As a man of peace, I was particularly troubled by my former opponent, Senator Tom Cotton’s tweet on April 6th, where he said “We have a major under-incarceration problem in America (a comment he has said before and is the reason I chose to run against him). And it’s only getting worse.” He was writing in response to a story about homicides increasing 33% last year in major American cities.
As a former prison chaplain (though that sort of ministry never truly ends) I can tell you the problem is not that we have an under-incarceration problem. The problem is that the criminal justice system is burdened by prosecuting people who have not harmed anyone.
It must be pointed out however that Senator Cotton expressed no interest in reducing crime, only in filling prisons. As a person who has spent much more time inside prisons than Senator Cotton, I can confidently say that sending a person who has committed no serious offense to prison does not solve any problems.
Last month Baltimore’s (Maryland) State Attorney Marilyn Mosby announced that the city will no longer prosecute low level crimes. They started this policy last year in response to Covid rates in overcrowded jails, and found it so successful that they have made this permanent. They found that this policy resulted in a significant decrease in arrests while having no adverse effect on the crime rate. Offenses that will no longer be prosecuted include drug possession, and open container laws, among others. And though many other major cities are trending the other way, In Baltimore violent crime and property crime are both down over 20%.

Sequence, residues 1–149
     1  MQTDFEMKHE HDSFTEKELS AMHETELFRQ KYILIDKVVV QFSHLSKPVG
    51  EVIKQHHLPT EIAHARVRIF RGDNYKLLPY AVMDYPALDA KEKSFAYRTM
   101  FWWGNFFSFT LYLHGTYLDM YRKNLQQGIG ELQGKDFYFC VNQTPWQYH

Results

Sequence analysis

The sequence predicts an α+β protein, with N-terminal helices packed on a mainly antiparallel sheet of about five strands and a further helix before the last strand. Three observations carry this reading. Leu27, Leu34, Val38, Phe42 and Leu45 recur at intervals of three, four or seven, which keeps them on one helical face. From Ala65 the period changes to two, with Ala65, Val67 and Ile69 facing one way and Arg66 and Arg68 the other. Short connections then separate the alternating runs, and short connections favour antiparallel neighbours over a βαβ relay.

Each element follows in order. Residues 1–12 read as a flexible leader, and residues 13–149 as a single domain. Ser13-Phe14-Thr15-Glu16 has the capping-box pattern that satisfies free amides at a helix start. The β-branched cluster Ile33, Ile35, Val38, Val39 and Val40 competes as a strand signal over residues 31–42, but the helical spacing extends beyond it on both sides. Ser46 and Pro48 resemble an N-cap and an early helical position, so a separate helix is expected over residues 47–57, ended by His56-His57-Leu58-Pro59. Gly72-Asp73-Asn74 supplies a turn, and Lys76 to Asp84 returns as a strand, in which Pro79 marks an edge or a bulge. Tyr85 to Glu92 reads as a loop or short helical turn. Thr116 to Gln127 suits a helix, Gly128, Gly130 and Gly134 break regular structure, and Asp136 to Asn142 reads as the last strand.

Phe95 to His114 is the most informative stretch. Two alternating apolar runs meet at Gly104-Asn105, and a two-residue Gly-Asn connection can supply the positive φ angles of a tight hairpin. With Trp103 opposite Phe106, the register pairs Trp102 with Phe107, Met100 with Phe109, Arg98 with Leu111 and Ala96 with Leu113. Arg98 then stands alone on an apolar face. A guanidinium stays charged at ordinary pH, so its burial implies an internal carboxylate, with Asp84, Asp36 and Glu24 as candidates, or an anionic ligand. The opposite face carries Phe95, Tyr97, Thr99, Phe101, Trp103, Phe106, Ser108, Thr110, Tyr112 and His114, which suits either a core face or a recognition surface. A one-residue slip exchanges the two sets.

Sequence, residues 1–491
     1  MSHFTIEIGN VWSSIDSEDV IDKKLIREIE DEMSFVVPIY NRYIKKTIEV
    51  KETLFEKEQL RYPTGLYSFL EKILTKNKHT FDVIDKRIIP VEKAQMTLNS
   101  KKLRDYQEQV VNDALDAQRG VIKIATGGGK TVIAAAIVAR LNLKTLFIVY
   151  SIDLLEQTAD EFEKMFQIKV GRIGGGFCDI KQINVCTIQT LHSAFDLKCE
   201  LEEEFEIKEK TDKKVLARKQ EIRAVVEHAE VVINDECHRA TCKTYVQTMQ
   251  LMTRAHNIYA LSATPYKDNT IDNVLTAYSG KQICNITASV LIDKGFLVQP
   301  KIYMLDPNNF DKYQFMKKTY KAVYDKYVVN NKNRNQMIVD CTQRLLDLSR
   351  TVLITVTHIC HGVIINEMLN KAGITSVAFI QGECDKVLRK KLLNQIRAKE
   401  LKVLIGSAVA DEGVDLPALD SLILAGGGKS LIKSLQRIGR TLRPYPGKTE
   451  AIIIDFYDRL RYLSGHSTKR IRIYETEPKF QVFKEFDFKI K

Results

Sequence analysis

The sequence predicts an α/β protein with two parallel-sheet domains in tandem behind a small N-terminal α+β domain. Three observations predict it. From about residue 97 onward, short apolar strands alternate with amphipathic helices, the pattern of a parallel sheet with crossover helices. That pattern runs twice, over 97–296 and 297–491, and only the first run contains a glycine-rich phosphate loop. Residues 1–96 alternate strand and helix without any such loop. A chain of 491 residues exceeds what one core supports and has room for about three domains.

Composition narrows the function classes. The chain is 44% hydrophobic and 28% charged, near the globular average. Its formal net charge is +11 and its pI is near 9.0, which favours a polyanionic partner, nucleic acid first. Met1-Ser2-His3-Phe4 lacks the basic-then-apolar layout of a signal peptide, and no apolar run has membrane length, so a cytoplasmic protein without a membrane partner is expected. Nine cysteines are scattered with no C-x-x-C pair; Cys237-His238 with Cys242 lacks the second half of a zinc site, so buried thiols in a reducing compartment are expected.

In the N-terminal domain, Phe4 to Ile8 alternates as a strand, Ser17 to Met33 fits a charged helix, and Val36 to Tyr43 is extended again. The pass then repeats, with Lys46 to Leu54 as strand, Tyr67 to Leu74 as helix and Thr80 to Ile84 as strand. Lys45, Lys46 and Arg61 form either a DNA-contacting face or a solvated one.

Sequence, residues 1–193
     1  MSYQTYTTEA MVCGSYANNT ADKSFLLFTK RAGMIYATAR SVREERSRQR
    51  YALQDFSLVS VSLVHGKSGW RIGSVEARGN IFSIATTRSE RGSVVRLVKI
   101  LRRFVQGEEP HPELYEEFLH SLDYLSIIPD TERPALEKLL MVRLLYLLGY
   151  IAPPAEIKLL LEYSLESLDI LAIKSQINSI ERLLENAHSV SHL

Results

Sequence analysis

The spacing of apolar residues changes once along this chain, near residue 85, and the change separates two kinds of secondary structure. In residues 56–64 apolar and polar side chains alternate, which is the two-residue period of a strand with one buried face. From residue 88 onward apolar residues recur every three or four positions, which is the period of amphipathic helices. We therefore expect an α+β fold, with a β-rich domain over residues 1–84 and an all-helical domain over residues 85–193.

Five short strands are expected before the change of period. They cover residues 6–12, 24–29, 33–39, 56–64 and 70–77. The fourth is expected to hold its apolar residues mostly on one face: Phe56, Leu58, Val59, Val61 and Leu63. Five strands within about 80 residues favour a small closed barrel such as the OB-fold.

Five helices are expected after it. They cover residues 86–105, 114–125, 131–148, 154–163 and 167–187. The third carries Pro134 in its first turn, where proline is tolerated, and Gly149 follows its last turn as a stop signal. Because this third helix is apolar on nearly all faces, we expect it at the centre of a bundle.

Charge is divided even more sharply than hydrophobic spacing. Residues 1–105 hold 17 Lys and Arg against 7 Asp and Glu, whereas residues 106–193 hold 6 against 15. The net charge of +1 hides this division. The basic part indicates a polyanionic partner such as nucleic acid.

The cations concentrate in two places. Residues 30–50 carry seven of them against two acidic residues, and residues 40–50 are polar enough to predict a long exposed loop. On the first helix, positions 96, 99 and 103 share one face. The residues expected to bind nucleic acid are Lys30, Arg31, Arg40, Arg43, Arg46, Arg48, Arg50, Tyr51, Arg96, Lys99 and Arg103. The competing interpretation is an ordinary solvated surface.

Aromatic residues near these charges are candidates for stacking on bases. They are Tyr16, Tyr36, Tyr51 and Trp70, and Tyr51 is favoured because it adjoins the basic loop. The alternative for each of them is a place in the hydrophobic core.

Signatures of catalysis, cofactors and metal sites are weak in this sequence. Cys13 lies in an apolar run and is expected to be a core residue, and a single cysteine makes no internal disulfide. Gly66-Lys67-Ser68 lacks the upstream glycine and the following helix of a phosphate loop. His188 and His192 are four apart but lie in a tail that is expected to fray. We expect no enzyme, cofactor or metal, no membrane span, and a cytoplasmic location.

I certainly support Little Rock examining policies like this. When we send a parent to prison, we increase the number of single-parent homes. A study by the Heritage foundation showed that single parent families are 70% more likely to have a child involved in crime than a two parent family. We can reduce future crime rates by reducing the current crime rate by making less criminals.
As an immediate fix, there is currently an effort to get recreational marijuana decriminalized. I saw Rep. Vivian Flowers (D-Pine Bluff) express support for a decriminalization bill in the legislature. Knowing Arkansas politics as I do, I suspect we’re going to have to decriminalize it as a ballot initiative. If Senator Cotton were truly interested in reducing crime, he would recognize the inevitable trend and support decriminalization of marijuana in Arkansas, rather than clinging on to an outdated tradition.
I would encourage Senator Cotton to show that he is tough on crime by wanting to reduce the number of victimless crime laws rather than increasing the number of people arrested. I know Senator Cotton opposed the 1619 project, but I would remind him of Abraham Lincoln’s great words: “A house divided against itself cannot stand.” So long as we are using the power of the police force to arrest and incarcerate people who have not hurt anyone, we are divided. Let’s reduce the number of criminal offenses and reduce the number of criminals.